We Never Get Tired of Monkeys

One of the most classic American films of all time, King Kong has been adapted many times since 1933 when the original came out.  After the stop motion, black and white original came a disappointing reimagining in 1976, set in the 70s as well.  Remade for a third time in 2005 by Lord of the Rings director Peter Jackson, Kong 2005 brought the giant gorilla back to his 1933 roots in an epic drama that is still vastly underrated.  Outside of straight remakes, the pinnacle American monster has fought the pinnacle Japanese monster in the Toho 1962 film King Kong vs. Godzilla.  Unfortunately, studio rights kept the two monsters from brawling it out again, as Kong was owned by Universal.  Flash forward to 2014, and Warner Brothers/ Legendary produced the second American reboot of Godzilla to general financial and critical success.    

            When Legendary moved its home to Universal, there was instant speculation that this would lend way to produce a new Kong movie within a shared universe of Godzilla 2014.  Lo and behold, two years later to this day this has been confirmed, as Kong: Skull Island is the second entry is Legendary’s kaiju-verse.  In that regard, Kong: Skull Island can be viewed as a prequel to Godzilla, as it is set in the 1970s right at the end of the Vietnam War.  Stripped away from the classic Kong story of Carl Denham seeking out to get a location shoot for a monster movie on an uncharted island, the new plot is about an expedition led by Monarch, the secretive organization in Godzilla, and an expedition to find a brand-new ecosystem on Skull Island, which is only legend.  It turns out to be proven a real place through satellite scans, so Monarch scientists and a military escort set out to chart the last unnamed place on Earth.  They soon find all that one would expect to find on Skull Island, most of all Kong. Bigger than ever before, Kong is also deadlier than ever before. 

            The narrative is rather simple, and does not expand beyond the cast of characters having to escape Skull Island in a time constraint.  Kong: Skull Island boasts an impressive cast, with Tom Hiddleston, John C. Reilly, John Goodman, Brie Larson, and Samuel L. Jackson all leading the show.  The charm of Kong: Skull Island is dual.  On the one hand, all the monsters look terrific.  Building upon the monster ecosystem established in Godzilla, the monsters go far beyond traditional dinosaurs seen in past King Kong movies.  Some of the fauna is a wooden made giant insect, a terrifying giant scorpion, and even a giant octopus, which is a clear reference to the octopus in the 1962 King Kong vs. Godzilla.  Kong’s main rivals are scull crawlers, bipedal reptilian giants who have terrified the human inhabitants of Skull Island for thousands of years. The design on the skull crawlers is reminiscent of other Godzilla monsters from Toho films, and hopefully is a predecessor to upcoming monster designs.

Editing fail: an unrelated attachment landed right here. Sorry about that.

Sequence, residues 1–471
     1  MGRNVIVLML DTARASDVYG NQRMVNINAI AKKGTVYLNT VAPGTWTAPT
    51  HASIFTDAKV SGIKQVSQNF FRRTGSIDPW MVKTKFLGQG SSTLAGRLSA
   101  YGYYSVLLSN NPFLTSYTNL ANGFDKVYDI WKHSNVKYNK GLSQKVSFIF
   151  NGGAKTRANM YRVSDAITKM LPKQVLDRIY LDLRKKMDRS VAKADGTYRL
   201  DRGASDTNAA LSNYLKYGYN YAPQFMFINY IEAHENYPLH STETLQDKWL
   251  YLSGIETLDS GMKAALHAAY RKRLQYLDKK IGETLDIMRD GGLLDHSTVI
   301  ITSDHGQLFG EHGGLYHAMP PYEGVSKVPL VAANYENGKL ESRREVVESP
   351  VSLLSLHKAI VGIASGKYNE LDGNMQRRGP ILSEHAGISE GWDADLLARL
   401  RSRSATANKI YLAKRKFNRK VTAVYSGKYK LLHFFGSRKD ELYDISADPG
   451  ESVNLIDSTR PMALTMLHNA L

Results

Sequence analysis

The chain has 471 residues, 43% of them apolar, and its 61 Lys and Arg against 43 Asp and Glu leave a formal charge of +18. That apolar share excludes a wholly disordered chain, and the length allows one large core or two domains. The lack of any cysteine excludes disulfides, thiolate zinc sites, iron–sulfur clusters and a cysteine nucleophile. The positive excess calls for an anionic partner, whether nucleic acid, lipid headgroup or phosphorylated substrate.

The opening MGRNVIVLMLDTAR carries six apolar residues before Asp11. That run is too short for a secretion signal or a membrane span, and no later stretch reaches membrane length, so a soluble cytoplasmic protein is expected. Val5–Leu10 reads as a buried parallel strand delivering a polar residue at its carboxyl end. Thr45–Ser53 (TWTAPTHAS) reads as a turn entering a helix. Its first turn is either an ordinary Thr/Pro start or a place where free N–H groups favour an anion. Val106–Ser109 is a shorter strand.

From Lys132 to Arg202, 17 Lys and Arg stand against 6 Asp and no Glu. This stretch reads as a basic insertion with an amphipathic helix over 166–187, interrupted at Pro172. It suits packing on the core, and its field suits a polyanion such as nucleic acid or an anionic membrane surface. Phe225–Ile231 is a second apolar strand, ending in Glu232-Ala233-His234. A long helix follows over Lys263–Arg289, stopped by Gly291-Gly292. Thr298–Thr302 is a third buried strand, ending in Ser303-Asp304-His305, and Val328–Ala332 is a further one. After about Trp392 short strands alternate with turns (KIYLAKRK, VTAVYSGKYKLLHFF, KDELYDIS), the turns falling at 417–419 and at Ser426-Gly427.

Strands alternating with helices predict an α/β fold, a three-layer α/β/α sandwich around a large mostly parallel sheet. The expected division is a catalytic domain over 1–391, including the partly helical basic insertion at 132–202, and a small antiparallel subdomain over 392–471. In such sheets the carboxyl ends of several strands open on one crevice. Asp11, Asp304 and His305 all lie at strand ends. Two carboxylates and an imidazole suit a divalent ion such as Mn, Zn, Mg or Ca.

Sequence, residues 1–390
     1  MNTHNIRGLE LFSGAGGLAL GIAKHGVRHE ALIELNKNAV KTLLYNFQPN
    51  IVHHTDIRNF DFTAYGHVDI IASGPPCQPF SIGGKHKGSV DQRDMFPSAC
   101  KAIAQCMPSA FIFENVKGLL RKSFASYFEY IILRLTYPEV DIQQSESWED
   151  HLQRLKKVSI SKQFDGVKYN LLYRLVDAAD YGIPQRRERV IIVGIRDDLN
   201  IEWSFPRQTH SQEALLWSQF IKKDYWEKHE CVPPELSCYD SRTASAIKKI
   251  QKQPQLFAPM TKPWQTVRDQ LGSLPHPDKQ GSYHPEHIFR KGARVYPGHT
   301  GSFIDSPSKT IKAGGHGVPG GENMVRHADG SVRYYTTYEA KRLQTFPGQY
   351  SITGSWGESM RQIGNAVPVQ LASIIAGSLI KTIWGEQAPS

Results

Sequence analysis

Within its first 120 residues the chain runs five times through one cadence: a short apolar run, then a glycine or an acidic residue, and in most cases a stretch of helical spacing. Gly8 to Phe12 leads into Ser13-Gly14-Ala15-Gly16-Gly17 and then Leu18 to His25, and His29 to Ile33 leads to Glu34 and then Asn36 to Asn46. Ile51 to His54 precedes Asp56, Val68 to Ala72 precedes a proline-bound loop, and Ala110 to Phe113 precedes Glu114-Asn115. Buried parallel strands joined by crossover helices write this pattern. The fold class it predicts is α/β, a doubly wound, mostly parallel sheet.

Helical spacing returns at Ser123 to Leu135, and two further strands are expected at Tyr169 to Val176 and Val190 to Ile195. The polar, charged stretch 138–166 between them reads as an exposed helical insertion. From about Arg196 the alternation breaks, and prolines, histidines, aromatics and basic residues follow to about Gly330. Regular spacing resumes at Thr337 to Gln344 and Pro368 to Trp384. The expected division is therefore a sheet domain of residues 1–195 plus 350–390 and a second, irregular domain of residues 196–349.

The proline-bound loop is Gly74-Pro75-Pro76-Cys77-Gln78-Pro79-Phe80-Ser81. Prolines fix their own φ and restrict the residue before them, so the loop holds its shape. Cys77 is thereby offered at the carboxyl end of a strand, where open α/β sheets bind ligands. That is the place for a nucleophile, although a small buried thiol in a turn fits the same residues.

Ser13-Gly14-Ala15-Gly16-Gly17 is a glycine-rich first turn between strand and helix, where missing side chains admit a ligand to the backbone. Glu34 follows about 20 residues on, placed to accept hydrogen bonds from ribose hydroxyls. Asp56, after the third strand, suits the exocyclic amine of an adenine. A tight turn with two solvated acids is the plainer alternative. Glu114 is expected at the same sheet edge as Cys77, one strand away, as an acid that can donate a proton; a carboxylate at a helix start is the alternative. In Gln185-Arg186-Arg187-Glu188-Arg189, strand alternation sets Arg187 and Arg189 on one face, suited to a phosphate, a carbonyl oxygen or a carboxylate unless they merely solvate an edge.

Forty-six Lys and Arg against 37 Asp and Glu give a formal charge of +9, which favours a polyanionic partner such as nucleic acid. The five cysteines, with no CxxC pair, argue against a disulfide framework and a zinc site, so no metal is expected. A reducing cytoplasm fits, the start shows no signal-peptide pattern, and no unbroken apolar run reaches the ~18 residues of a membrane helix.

The fights are not dim lit like in Godzilla, nor are they limited and rather are indulgent from the first fifteen minutes of the film to the very end.  The motion capture on Kong is excellent, and brings him back to the bipedal colossus that he was in the original film rather than the life like gorilla from Jackson’s film.  The aesthetics of Skull Island are very interesting as well.  There is a sepia overtone on the entire film while they are on the island.  Perhaps this is to keep in tone with the sepia of the original King Kong film.  There always seems to be spores floating through the air, which has a cloudy sunlight feel the entire time.  The night time skies are filled with bright stars and aurora borealis, making the island truly feel otherworldly. 

            Asides from the visual appeal of the island and the monsters, the human characters are so card board cut out it is satirical, and any plots involving the humans are laughable-yet in an entertaining sense.  Samuel L. Jackson’s military colonel is perhaps the best representation of this, as it feels more as if Jackson is playing the Snakes on a Plane/ Pulp Fiction Samuel L. Jackson archetype that he created himself.  Completely out of place, it makes each scene a fun ordeal that is not taken seriously yet very enjoyable to watch amidst the backdrop of the fantastical island.  Truthfully, none of the human’s names can come to memory- they are that one dimensional.  Yet this is probably for the best, as Godzilla’s key issues were focusing too much on humans and not enough on the fun monster brawl everyone wanted to see.  In an age where movies like Batman v. Superman and Independence Day 2 utterly fail at a basic formula for a fun action movie, Kong: Skull Island succeeds at making a stylized, fast and entertaining monster movie that amply sets up the future shared universe for Godzilla 2 and further down the line Kong vs. Godzilla. This is no deep character study, but a much-needed light hearted fun romp after the depressing and punishing experience Logan was earlier in the month. Two great films on the opposite end of the spectrum, not to count the nostalgia filled Beauty and the Beast remake-it’s shaping up to be a great month for film!

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